Three Weeks with the Nike+ Fuelband SE

I don’t like wearing stuff on my wrist, but in my ongoing quest to learn more about the wearables our users wear, I have embarked on a journey.

For science! And for better living through math, a.k.a. the quantified self.

And because I’ll be at HCM World later this month talking about wearables, and because wearables are a thing, and we have a Storify to prove it, and we need to understand them better, and the Apple Watch is coming (squee!) to save us all from our phones and restore good old face time (not that Facetime) and and and. Just keep reading.

Moving on, I just finished wearing the Nike+ Fuelband SE for three weeks, and today, I’m starting on a new wearable. It’s a surprise, just wait three weeks.

Now that I’ve compiled a fair amount of anecdotal data, I figured a loosely organized manifest of observations (not quite a review) was in order.

The band

The Fuelband isn’t my first fitness tracker; you might recall I wore the Misfit Shine for a few months. Unlike the minimalist Shine, the Fuelband has quite a few more bells and whistles, starting with its snazzy display.

Check out a teardown of the nifty little bracelet, some pretty impressive stuff inside there, not bad for a shoe and apparel company.

I’ve always admired the design aspects of Nike’s wearables, dating back to 2012 when Noel (@noelportugal) first started wearing one. So, it was a bit sad to hear about a year ago that Nike was closing that division.

Turns out the Fuelband wasn’t dead, and when Nike finally dropped an Android version of the Nike+ Fuelband app, I sprang into action, quite literally.

Anyway, the band didn’t disappoint. It’s lightweight and can be resized using a nifty set of links that can be added or removed.


The fit wasn’t terribly tight, and the band is surprisingly rigid, which eventually caused a couple areas on my wrist to rub a little raw, no biggie.

The biggest surprise was the first pinch I got closing the clasp. After a while, it got easier to close and less pinchy, but man that first one was a zinger.

The battery life was good, something that I initially worried about, lasting about a week per full charge. Nike provides an adapter cord, but the band’s clasp can be plugged directly into  a USB port, which is a cool feature, albeit a bit awkward looking.

It’s water-resistant too, which is a nice plus.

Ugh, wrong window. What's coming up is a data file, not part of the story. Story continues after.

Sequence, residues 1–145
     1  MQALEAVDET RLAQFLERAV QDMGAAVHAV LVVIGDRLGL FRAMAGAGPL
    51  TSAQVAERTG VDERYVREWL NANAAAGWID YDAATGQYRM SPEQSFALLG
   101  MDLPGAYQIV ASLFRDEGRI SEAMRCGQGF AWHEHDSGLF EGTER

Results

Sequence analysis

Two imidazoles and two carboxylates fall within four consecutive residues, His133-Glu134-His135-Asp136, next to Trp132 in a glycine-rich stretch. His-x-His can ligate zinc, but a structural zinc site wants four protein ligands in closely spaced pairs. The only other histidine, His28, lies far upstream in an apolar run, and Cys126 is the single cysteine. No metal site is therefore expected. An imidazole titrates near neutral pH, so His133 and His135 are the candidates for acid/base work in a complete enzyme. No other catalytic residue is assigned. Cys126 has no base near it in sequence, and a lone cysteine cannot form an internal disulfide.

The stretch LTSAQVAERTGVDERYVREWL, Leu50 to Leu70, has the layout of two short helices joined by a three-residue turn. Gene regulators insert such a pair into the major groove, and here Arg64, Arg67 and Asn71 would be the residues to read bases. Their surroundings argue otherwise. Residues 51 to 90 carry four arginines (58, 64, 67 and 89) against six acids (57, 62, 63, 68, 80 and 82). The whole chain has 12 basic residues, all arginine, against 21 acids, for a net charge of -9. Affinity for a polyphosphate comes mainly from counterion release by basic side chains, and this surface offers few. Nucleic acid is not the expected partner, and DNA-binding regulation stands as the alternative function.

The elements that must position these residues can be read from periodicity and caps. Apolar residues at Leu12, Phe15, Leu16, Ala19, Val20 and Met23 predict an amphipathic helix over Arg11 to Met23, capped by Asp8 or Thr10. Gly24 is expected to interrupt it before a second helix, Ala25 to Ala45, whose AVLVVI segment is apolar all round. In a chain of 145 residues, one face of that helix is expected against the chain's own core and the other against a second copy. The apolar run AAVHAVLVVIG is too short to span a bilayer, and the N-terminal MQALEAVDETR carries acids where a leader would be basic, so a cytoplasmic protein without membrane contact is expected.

Frankly, the band is very much the same one that Noel showed me in 2012, and the lack of advancement is one of the complaints users have had over the years.

The app and data

Entering into this, I fully expected to be sucked back into the statistical vortex that consumed me with the Misfit Shine, and yeah, that happened again. At least, I knew what to expect this time.

Initial setup of the band requires a computer and a software download, which isn’t ideal. Once that was out of the way, I could do everything using the mobile app.

The app worked flawlessly, and it looks good, more good design from Nike. I can’t remember any sync issues or crashes during the three-week period. Surprising, considering Nike resisted Android for so long. I guess I expected their foray into Android to be janky.

I did find one little annoyance. The app doesn’t support the Android Gallery for adding a profile picture, but that’s the only quibble I have.

Everything on the app is easily figured out; there’s a point system, NikeFuel. The band calculates steps and calories too, but NikeFuel is Nike’s attempt to normalize effort for specific activities, which also allows for measurement and competition among participants.

The default the NikeFuel goal for each day is 2,000, a number that can be configured. I left it at 2,000 because I found that to be easy to reach.

The app includes Sessions too, which allow the wearer to specify the type of activity s/he is doing. I suppose this makes the NikeFuel calculation more accurate. I used Sessions as a way to categorize and compare workouts.